2. This post highlights how lawyers can be effective without being adversarial. While I agree that this approach may not be effective in every situation, I believe that Netflix’s lawyers used the approach in an appropriate manner. The lawyers tailored the cease-and-desist letter to the specific audience in a humorous manner while still being able to communicate the terms of their request. This method was particularly effective in this situation because, as the letter mentioned, there is a possibility that the parties may have a relationship in the future. Netflix’s lawyers did a good job working off of a common interest that the two parties shared and setting a positive tone for a future relationship. Even if a relationship did not develop between the parties, the lawyers still communicated the importance that Netflix places on the show’s fans to avoid negative tension in the present situation.

  3. I think the Netflix attorney’s approach was brilliant. Yes, it is humorous and thus fun for us readers. Yes, it is a situation-dependent approach. However, the genius is appealing to the relationship and common ground of being “creative types.” Furthermore, it has the potential to expand the pie. This may be the only communication between the parties, culminating in the C&D. But, it leaves open the opportunity for the parties to collaborate if the pop-up bar wishes to pursue another venture in the future. I think an approach that accomplishes its task and leaves room for further benefits is an incredible method of handling a situation.

  4. This remedy to the pop-up’s creative infringement was definitely amusing. This way of dealing with the problem was also incredibly sensible. It built on the bar owner’s clear love for the show, while still achieving the show’s goal of not being compensated for creative infringement. I think Judge Posner would appreciate the show’s effort to remedy the situation in a non adversarial and sensible way.

  5. The Netflix attorney met the infringement with light-heartedness. This could have escalated quickly had there been a different approach. The attorney spoke in a language that is unusual for most of the legal field, but it was a language that the parties could easily relate. It is very clear that the attorney is walking a fine line because he or she leaves the door open to create a relationship later on. He or she sees an opportunity to create this pop-up bar, but makes it abundantly clear that the bar’s current status is not permissible. Certainly the attorney made his or her request clear to cease and desist. It was also a great way to create a relationship if the bar wishes to continue with the Stranger Things themed bar.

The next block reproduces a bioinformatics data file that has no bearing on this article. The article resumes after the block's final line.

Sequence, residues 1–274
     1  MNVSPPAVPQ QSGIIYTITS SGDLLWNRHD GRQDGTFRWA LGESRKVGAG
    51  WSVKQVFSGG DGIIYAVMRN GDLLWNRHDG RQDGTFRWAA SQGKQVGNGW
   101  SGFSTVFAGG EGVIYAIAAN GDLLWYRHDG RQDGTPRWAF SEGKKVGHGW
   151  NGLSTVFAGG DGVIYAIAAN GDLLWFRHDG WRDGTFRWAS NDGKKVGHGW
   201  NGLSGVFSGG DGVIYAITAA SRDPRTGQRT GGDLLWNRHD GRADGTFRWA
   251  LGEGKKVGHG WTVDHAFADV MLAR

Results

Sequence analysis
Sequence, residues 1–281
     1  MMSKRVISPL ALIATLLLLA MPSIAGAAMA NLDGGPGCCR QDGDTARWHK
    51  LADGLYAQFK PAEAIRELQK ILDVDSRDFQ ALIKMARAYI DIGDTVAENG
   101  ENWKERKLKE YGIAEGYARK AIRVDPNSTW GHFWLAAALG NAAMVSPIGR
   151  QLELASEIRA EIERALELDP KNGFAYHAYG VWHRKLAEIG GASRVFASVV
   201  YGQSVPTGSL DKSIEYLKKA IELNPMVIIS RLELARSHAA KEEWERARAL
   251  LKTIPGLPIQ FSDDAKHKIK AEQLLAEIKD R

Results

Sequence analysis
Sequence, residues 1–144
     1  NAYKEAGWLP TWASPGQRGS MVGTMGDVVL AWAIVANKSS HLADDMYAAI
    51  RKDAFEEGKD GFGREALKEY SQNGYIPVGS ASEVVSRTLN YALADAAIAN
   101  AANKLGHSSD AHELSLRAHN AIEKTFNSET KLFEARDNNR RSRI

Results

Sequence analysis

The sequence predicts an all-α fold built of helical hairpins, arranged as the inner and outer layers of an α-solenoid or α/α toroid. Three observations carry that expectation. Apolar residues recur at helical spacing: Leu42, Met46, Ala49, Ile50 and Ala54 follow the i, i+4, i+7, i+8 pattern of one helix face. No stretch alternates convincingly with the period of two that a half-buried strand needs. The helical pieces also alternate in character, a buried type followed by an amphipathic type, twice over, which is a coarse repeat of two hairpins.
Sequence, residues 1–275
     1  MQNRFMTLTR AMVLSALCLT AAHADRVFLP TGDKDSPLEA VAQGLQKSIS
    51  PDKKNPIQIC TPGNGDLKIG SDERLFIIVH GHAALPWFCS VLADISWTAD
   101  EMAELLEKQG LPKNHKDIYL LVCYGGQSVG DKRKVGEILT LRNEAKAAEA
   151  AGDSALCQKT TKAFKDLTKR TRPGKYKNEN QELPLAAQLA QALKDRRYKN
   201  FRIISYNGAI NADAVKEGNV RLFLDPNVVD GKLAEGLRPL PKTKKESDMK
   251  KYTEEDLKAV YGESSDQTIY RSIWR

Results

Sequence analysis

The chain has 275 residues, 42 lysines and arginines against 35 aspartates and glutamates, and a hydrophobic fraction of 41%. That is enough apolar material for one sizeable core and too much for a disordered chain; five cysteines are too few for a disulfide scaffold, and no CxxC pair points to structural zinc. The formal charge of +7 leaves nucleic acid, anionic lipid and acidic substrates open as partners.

6. I cannot express how well I think the Netflix attorney handled this infringement. Although Netflix had every right to either bring forth a lawsuit or just clearly force the pop-up bar immediately cease their theme, they made their encounter with Stranger Things fans fun. The media typically perceives lawyers as hard-headed and aggressive, so this is a nice change to effectively, and creatively, resolve the issue.

    Now, some may view this act as a mere ploy by Netflix to retain fans continued support however, I thought the attorneys here simply read the situation well. This could very well be a small bar that would have been unable to handle any litigation or pay any amount of damages so by sending a nice, and funny, letter, the remedy was fantastic. Additionally, allowing the bar to keep their pop-up for its 6-week run time was a generous offer.